The Photo Request has been fulfilled.

 Amy Tryphena <I>Davis</I> Barton

Amy Tryphena Davis Barton

Payson, Utah County, Utah, USA
Death 28 May 1933 (aged 57)
Myton, Duchesne County, Utah, USA
Burial Myton, Duchesne County, Utah, USA
Plot A3.5_14_5
Memorial ID 46730 · View Source
Suggest Edits

Romans 16:12, "Behold Tryphena & Tryphosa who labor unto the lord."

'Tryphena ' is of Greek origin meaning 'dainty' or delicate'.

AMY T. DAVIS (BARTON) by unknown author

[Note from Sandra Barton Gwilliam: I do not know who wrote this history, but as I was researching the spelling on her middle name, I found almost no sources for her name with anything other than the initial "T." We have chosen to spell it Tryphena like it is spelled in the scripture above. Other spellings could have included Tryphema, Triphema, Triphenia, Tryphemia or Triphemia. Varied spellings of names were extremely common-- especially before 1900.]

Amy Tryphena Davis was born of goodly parents--Alexander George Davis and Emily Frances Oliver (Davis) on October 30, 1875 on a Saturday in Monroe, Utah. She came from a large family with nine children and close family ties. During her early years, her father moved his family to Circleville where Amy grew up.

Amy was a very modest and quiet woman--somewhat reserved. Her father didn't seem to have good health. He died early, leaving the rearing of the children to Emily. There wasn't much a woman could do to make a living, but she reared a fine family, giving them as many opportunities as was possible for an education.

Amy left home to marry Levi Lorenzo Barton at the age of seventeen and one half. Amy was a good cook, having been taught at an early age the basics of cooking, sewing and how to manage a home. She made delicious custard pudding and pies, not to mention the very tasty jelly and cream tarts.

Amy was a beautiful woman--lovely dark hair with natural curl; dark brows and eyes; rosy cheeks and fair skin; and charming smile.

Her son Arlo, told of a humorous incident in her life. Her husband Levi and she had stopped in a store somewhere in Richfield or Salt Lake City. Grandma spied some scales she could step onto and get weighed. By putting a coin into the little slot at the top of the scales, it would tell your weight and also issue a little slip of paper telling your fortune. Grandma played it. Her fortune-- "Never cut towards you when using a sharp knife." Levi teased her considerably about this.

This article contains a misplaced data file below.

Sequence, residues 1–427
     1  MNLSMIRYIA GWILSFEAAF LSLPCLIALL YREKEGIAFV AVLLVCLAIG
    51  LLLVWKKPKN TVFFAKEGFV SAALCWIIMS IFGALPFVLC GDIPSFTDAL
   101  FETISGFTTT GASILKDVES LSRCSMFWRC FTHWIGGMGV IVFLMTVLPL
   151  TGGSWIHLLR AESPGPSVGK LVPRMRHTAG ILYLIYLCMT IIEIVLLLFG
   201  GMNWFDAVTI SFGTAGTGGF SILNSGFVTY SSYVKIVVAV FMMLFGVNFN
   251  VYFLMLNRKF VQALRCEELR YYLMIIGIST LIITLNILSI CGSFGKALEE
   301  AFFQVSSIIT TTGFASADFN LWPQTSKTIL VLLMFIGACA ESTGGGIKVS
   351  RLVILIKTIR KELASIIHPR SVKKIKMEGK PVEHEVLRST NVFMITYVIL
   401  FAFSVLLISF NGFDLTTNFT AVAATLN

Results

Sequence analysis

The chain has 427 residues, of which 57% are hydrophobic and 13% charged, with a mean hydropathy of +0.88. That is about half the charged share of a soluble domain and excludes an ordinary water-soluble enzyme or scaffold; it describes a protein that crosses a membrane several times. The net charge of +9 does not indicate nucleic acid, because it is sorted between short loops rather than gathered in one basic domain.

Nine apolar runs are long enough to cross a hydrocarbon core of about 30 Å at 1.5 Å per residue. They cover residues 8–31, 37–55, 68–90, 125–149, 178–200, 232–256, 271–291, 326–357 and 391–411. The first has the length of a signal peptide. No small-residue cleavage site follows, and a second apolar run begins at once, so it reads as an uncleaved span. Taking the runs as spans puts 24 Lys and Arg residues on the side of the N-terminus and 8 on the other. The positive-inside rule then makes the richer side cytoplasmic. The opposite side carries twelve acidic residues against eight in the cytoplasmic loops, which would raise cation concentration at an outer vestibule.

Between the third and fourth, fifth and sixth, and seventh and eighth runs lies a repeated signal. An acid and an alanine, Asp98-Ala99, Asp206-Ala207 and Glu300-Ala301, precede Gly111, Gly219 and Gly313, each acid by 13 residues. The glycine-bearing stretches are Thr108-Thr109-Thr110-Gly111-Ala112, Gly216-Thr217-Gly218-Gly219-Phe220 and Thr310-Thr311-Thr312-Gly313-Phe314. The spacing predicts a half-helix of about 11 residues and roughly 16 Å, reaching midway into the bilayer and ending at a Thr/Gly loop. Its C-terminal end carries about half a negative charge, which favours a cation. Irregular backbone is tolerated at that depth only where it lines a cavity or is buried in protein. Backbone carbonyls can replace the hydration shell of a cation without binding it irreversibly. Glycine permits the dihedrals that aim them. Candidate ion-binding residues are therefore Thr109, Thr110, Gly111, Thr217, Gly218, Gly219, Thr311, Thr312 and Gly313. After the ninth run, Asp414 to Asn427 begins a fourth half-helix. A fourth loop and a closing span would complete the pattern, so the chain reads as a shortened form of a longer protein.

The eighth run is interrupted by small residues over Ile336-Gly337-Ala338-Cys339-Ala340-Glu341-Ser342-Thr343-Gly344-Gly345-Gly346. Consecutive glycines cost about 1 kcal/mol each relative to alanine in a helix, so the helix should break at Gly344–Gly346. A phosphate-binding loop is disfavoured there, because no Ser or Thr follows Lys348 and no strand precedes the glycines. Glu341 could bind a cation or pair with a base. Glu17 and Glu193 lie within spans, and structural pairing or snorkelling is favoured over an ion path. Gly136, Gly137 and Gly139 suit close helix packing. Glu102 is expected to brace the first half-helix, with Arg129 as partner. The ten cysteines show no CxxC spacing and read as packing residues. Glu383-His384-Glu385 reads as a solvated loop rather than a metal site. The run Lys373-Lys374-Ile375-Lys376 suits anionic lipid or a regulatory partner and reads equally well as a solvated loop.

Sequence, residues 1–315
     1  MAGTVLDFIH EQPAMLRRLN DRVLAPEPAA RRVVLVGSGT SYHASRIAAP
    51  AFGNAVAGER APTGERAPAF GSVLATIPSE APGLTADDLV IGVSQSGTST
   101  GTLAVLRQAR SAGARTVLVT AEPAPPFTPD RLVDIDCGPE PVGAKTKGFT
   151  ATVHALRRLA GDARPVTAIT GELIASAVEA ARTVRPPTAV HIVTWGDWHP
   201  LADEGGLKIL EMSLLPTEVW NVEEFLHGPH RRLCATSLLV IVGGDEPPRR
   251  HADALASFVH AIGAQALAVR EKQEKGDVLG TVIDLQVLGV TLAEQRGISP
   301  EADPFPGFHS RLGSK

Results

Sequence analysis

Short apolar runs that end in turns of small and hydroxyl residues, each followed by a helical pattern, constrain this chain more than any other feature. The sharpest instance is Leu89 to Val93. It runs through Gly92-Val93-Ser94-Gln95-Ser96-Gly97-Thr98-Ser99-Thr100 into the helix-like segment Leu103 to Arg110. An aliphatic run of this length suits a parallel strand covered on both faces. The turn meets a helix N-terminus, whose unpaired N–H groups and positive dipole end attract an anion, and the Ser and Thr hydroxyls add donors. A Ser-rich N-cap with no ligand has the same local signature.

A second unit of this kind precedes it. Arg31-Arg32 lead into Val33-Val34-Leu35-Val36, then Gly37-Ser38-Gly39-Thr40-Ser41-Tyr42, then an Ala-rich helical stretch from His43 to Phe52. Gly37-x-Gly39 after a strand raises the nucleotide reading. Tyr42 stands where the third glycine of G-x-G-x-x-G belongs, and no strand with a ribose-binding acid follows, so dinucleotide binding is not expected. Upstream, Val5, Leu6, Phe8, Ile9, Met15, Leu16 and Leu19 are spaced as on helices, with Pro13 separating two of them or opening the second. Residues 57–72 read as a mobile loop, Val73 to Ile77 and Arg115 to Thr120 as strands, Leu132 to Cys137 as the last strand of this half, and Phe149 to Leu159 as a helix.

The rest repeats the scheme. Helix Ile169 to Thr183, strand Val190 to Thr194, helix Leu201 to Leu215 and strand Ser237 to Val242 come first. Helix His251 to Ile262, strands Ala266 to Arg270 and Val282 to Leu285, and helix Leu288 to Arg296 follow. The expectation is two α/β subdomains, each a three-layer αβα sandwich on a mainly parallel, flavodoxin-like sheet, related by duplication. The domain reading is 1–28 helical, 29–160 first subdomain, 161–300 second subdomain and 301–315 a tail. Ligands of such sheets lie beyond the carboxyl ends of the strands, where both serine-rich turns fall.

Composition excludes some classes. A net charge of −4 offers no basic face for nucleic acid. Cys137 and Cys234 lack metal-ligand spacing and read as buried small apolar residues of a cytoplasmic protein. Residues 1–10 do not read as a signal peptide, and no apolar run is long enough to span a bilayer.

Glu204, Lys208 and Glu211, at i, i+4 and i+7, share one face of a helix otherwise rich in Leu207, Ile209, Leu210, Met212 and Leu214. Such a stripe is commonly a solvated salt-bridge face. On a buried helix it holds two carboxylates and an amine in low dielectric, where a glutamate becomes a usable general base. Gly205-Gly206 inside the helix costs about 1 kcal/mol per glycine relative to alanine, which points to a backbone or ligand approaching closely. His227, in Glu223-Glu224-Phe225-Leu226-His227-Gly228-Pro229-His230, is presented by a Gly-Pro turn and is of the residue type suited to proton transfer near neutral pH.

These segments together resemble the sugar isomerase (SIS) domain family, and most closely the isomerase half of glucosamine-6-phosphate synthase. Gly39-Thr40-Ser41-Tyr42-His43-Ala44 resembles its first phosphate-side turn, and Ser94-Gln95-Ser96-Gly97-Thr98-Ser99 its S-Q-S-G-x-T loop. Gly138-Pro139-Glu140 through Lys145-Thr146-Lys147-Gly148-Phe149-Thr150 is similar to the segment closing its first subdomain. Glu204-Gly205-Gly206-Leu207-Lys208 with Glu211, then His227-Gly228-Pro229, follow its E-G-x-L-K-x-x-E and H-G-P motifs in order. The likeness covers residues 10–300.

Grandma Amy never had the opportunity of being baptized at the age of eight years. Somewhere her people had gotten away from the church before coming to Circleville. She was baptized along with her three oldest sons, Leo, Owen, and Claude on September 1, 1911--all on the same day. Ada, her daughter was nine years old, but because of her fright of water, she wasn't baptized until August 6, 1912.

When the weather was pleasant, Amy loved to walk down the boardwalk leading from the front porch of her home to the picket gate near the street. Here she leaned against the picket gate patiently waiting for signs of her husband and sons coming up the lane from East Valley. When they finally arrived, it was a special pleasure to walk down and open the corral gate and let the team wagon and menfolks into the corral yard. Horse unhitched, watered and fed, menfolk washed up, the table would be spread for supper.

Amy's first five children were born in Circleville, Piute County, Utah. Two girls and three boys--Delila, Leo, Owen, Claude, and Ada. Arlo, her youngest, was born in Tropic, Garfield County, where they had moved when Ada was around 5 or 6 years old.

Amy was over two months pregnant with Arlo when she was baptized. Soon after Arlo was born, Amy began having convulsions due to high blood pressure and a kidney condition. They feared for her life. Doctors didn't know what to do for those conditions then. I'm sure at this time everyone was praying for Amy. Her husband was very upset. He kept pleading with her not to have another convulsion. The love and concern of her family brought her through this hour of possible death. She never seemed to regain a full measure of good health after this experience.

Arlo and his mother were good pals. When he was in his early teens, money was very scarce. Every now and then, Amy sold a pound of her sweet churned butter for 35 cents. Arlo was given the money for a ticket. He remembered the sacrifice and was very grateful to his mother for her love and thoughtfulness.